• I like the idea of Smart Search using the new paragraph search functionality. Below the surface paragraph analysis essentially calculates a hash for each paragraph. These go into a database, enabling quick searching for other occurrences of that paragraph in the case. Smart Search could look at documents with the same set of paragraphs (= same hashes), ordered by how many paragraphs are in common, or even apply a tf.idf-like weighing mechanism: a paragraph that occurs less often (e.g. the core topic discussed in an email thread) is more likely to be important than paragraphs occurring more often (e.g. email signatures).
     
  • Using Smart Search and/or Show Conversation to partition the case into logical subsets could indeed reduce the workload. This is not entirely trivial. I believe that Show Conversation essentially turns the case into buckets (each email is part of at most one conversation, or is part of the "others" category), but Smart Search produces many overlapping sets: a smart search on item A may produce item B, item B may produce item C, but item A does not necessarily produce C as well. This makes using Smart Search for partitioning the case upfront tricky - but not impossible.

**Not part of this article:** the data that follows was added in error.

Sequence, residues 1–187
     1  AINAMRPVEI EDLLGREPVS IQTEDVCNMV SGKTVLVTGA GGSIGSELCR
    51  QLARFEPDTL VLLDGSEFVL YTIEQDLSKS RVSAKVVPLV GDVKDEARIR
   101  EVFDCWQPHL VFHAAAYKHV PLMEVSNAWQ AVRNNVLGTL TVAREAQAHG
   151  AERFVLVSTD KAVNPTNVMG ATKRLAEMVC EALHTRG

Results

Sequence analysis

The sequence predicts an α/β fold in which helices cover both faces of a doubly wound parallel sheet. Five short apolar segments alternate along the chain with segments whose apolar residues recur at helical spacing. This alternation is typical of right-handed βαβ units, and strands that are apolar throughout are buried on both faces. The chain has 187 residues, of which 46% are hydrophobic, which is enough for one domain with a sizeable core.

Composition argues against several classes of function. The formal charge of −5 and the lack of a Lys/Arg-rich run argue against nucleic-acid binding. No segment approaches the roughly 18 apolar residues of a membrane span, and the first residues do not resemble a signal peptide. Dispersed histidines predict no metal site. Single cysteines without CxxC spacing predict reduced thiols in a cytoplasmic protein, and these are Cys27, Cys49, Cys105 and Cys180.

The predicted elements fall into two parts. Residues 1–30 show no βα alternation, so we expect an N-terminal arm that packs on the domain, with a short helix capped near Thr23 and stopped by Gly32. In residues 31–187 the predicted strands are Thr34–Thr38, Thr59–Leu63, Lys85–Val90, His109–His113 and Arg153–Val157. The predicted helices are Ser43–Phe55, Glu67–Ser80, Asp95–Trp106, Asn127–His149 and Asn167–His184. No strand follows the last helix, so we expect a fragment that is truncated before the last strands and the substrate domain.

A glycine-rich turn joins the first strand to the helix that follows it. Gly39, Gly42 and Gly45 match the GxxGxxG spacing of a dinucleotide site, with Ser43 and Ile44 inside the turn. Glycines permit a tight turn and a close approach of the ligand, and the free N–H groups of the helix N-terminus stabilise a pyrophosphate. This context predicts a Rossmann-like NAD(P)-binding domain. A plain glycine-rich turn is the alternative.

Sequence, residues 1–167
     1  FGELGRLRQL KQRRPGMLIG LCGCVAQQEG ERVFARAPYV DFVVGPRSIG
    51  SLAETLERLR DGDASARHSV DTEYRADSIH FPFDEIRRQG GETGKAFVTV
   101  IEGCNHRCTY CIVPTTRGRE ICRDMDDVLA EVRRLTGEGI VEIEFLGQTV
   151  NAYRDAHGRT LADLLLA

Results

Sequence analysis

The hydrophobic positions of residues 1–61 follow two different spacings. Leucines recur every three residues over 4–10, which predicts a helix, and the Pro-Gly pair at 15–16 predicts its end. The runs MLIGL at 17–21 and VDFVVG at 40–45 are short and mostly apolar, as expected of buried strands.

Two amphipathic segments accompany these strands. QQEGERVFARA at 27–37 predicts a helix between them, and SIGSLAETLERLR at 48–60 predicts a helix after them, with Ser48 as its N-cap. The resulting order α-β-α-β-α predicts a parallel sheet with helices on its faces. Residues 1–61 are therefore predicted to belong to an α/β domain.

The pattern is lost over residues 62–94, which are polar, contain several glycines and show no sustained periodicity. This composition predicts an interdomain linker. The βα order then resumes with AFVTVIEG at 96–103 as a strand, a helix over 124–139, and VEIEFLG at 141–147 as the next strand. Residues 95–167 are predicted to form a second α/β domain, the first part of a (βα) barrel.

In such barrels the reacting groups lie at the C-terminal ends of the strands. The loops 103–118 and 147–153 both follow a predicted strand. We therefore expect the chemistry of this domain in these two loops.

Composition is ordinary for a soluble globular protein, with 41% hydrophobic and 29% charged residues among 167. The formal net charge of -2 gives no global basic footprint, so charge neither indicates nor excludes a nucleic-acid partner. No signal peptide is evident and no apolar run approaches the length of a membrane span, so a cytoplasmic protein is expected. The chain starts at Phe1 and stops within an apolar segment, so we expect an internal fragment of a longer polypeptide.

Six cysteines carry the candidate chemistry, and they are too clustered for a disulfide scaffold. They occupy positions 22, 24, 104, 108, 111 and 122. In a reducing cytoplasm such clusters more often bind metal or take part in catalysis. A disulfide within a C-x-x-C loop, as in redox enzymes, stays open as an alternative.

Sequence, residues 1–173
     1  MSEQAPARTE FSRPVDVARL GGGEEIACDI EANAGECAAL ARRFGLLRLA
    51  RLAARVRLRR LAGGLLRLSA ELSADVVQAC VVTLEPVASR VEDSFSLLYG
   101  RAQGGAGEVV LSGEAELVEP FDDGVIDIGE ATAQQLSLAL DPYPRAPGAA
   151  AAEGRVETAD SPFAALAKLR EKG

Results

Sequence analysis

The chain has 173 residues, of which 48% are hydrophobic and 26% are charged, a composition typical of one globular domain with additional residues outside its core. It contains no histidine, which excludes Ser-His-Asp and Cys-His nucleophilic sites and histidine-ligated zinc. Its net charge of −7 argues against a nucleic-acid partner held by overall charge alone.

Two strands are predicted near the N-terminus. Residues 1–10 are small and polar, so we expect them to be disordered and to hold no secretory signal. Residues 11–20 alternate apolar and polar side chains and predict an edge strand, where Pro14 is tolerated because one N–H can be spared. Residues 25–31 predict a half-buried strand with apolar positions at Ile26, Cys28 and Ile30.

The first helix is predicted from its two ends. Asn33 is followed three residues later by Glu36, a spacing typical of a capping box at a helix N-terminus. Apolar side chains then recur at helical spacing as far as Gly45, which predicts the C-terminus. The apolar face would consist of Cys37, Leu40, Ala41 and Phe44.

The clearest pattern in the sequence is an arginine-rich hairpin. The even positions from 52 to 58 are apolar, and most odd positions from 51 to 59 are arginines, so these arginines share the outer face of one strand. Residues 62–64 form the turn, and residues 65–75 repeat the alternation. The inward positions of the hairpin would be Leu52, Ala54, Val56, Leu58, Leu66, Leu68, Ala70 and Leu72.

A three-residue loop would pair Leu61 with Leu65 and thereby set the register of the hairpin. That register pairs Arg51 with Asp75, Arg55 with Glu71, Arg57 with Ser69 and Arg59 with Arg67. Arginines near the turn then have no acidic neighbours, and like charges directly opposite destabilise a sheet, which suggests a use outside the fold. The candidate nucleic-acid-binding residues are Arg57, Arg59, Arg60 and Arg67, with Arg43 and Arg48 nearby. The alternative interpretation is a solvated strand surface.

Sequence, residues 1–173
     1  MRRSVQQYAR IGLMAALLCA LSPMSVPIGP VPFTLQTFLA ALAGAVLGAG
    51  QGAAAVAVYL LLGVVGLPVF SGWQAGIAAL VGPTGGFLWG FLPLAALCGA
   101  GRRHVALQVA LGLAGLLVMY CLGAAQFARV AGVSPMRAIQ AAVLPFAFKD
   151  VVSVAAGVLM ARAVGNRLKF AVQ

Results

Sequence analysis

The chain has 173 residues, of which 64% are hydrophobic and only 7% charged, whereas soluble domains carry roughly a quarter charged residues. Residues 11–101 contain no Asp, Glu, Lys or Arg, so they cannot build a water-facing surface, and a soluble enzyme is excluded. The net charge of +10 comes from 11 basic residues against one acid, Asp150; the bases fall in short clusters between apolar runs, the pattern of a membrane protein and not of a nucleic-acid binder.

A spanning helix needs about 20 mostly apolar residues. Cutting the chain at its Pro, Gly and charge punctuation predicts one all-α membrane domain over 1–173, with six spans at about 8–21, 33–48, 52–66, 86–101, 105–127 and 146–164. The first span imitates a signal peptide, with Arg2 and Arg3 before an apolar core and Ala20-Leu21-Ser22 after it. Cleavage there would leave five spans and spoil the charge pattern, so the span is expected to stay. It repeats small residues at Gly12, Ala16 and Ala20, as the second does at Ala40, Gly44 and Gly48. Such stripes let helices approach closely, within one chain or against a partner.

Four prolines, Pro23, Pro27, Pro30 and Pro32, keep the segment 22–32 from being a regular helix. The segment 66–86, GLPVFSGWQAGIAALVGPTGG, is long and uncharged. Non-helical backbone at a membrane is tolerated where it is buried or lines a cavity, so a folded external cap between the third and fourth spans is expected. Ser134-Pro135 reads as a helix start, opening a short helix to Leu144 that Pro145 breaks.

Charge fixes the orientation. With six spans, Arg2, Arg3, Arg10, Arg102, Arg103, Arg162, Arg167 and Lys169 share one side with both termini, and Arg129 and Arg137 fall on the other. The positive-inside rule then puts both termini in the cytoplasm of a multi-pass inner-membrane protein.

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 "date/time (strip milliseconds)". 

 

Can you elaborate on what stripping the milliseconds achieves? I can understand comparing date attributes and allowing for some minor variances, but the Date header is sent by the sending side and should be transmitted as-is to the receiving side. I.e., we're not comparing Date and Received headers here. Also all mail formats that we support store the SMTP headers in full; the Date is not recreated from some database-internal value. Therefore, a different Date header looks to me as a strong indication that something/someone has altered the message during transmission or in storage.

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  • 6 months later...

So was the de-duplicating feature discussed here added in 1.8.4? If so, how does it work? 

 

When I use the regular de-duplication option in Intella, it apparently still de-dups on hash. I have two identical emails, on in the OST and one in the PST containers that came off the same laptop. The message IDs are the same for both messages but the hashes are different.